not the thirteenth digest post
OK, back to our regularly scheduled Weekly Digest programming; sorry last week’s was so slight. I’ve been dealing with some depression, but I’m feeling fine the past couple days. It’s too hot in Brooklyn, my mail has not been forwarded from the last address and appears to have disappeared into the maw of the New York USPS, and my cat keeps scratching our new couch, but otherwise day-to-day life is quite lovely and I feel very fortunate. A little less than three weeks after move-in day, our apartment is really an apartment and everything has found its place, save for hanging a couple paintings. Check out my side-of-the-bed zone, which I enjoy for its minimalism.
Eun Hae’s side is messier, but she makes my life much less messy in both literal and figurative ways, so I’m in no position to criticize.
I enjoyed doing this podcast on education run by two teachers. Think the editing could do with a little tweaking but the conversation was lively and interesting and I dig their project. It’s called Learning Machine, check it out. I also did an episode of the podcast Fucking Cancelled and had a lot of fun. I’ll share it with you when it’s out.
This Week’s Posts
Monday, July 19th, 2021 - Didn’t Have to Be This Way: the Jia Tolentino Story
Here I talk about Jia Tolentino and my disappointment about where her career is gone specifically, and the bad incentives and toxic culture of writing in general. As I say here, there’s a lack of ambition that is an offshoot of a bigger problem, which is that writers have been trained in the past couple decades to see writing as something fairly ridiculous to do and to avoid appearing to be pretentious at all costs, which has led to immense amounts of uninspired and boring writing, written in fear.
Wednesday, July 21st, 2021 - Do Liberals Have a Plan Other Than Whining About White People and the Senate?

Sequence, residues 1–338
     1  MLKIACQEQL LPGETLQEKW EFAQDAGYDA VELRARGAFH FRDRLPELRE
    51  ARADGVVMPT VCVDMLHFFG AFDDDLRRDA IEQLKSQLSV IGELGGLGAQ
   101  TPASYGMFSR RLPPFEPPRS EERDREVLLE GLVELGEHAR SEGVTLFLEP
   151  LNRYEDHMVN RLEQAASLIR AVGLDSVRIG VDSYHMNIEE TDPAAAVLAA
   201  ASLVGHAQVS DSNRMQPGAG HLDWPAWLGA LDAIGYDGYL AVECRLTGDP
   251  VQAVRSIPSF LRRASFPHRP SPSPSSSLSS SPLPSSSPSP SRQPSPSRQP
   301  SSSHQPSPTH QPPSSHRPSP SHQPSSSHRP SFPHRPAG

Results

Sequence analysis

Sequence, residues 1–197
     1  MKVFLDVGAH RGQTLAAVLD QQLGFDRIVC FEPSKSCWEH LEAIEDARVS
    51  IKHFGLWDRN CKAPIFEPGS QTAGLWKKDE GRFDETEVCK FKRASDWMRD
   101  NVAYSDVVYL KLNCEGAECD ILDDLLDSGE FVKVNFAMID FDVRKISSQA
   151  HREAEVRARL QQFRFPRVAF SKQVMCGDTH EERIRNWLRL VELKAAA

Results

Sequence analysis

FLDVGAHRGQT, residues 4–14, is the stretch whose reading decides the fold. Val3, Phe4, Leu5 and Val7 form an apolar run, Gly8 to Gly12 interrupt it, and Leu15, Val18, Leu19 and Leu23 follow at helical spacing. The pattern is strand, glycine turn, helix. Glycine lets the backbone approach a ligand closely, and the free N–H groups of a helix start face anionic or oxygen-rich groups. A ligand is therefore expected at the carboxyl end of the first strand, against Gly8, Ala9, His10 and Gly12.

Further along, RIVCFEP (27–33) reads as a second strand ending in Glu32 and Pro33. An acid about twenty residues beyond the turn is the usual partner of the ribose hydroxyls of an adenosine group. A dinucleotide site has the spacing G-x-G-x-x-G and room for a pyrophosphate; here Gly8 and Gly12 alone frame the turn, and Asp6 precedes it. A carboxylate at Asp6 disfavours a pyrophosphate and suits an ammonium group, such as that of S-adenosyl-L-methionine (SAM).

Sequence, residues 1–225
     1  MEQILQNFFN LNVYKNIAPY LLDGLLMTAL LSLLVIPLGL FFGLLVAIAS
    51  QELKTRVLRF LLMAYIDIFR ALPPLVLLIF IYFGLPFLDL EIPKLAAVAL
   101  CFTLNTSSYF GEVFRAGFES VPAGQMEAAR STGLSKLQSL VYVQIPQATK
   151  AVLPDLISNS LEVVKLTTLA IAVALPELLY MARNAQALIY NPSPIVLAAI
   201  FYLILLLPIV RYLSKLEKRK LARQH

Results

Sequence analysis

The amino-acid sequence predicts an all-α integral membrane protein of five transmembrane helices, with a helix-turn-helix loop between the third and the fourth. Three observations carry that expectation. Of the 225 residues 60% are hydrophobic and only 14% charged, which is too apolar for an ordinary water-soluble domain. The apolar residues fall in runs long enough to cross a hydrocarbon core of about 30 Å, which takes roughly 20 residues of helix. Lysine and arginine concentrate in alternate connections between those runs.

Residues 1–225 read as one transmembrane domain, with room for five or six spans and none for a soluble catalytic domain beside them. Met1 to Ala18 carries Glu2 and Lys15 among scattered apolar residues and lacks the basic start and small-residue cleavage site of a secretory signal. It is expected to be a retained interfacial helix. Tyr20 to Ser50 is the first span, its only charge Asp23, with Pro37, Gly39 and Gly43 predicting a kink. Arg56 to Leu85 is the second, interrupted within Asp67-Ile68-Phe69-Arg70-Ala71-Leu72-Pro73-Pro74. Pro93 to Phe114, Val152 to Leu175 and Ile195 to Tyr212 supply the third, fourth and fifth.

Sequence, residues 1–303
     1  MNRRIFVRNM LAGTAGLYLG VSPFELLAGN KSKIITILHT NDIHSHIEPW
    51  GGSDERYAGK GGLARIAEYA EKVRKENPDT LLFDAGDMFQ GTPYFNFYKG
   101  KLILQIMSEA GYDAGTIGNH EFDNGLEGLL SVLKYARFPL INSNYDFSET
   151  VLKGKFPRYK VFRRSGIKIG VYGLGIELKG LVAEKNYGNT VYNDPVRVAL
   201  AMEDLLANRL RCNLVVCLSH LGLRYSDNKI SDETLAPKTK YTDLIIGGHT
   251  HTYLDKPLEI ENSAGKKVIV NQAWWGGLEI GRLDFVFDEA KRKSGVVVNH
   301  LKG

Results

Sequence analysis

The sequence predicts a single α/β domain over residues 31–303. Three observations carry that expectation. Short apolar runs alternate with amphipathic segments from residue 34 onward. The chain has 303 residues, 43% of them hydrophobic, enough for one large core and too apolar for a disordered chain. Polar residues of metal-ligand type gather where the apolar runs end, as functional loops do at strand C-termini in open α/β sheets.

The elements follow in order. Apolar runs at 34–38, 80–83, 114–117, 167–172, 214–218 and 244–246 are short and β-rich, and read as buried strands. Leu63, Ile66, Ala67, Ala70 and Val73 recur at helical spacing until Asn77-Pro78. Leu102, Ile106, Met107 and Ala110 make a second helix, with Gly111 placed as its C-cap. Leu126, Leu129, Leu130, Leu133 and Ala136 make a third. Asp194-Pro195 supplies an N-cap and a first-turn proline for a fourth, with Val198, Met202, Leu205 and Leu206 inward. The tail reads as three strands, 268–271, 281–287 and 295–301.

I feel that, though they complain constantly about the rules being bent against them, liberal Democrats are pretty clearly winning, but also that they lack any sort of larger-scale perspective on what they want the country to be and how to expand their movement to make a more ambitious agenda possible.
Thursday, July 22nd, 2021 - Please Don’t Let Political Contrarianism Turn You Into a Lunatic
I regret using the term lunatic, which is an artifact of this piece being written and published more quickly than usual, without the usual investment of time to edit and review and ruminate. But my point is sound, I think. As a frequent critic of social justice politics, I am keenly aware of the temptation to become fixated on that to a degree that overwhelms what I’m for. I think that’s a mistake - including for being an effective opponent of what you’re opposed to.
Friday, July 23rd, 2021 - my bus ride (subscribers only)
I rescued a celebrated piece from my old archives, about a long trip on a Greyhound bus that shook me and made me ask questions about human cruelty and kindness.
Also this week, I unleased the first two chapters of my serialized novel The Red, the Brown, the Green. Really glad there’s been a few readers, it’s exciting to finally share this story. Go to your settings to sign up for its emails if you would like.
From the Archives
About four years ago I enjoyed writing about Nicaraguan Sign Language, Noam Chomsky, and the poverty of the stimulus. Nicaraguan sign is one of the most-cited examples of the emergent property of language, the notion that it must be embedded very deeply into our brains (and thus our genes). In a very short span severely linguistically deprived children, many of them suffering from other cognitive and developmental disabilities and almost all of them from deprived backgrounds, spontaneously generated a functioning human grammar - and grammars are such spectacularly complex things that we arguably have never fully mapped one. “The poverty of the stimulus” emerges from Chomsky’s famous critique of behaviorist explanations for language: if you look at the amount of language that a child is exposed to prior to beginning to speak, you can’t possibly account for the vast diversity of constructions they are capable of at a very early age. This would seem to undercut the idea that children develop language through a process of imitation and reward.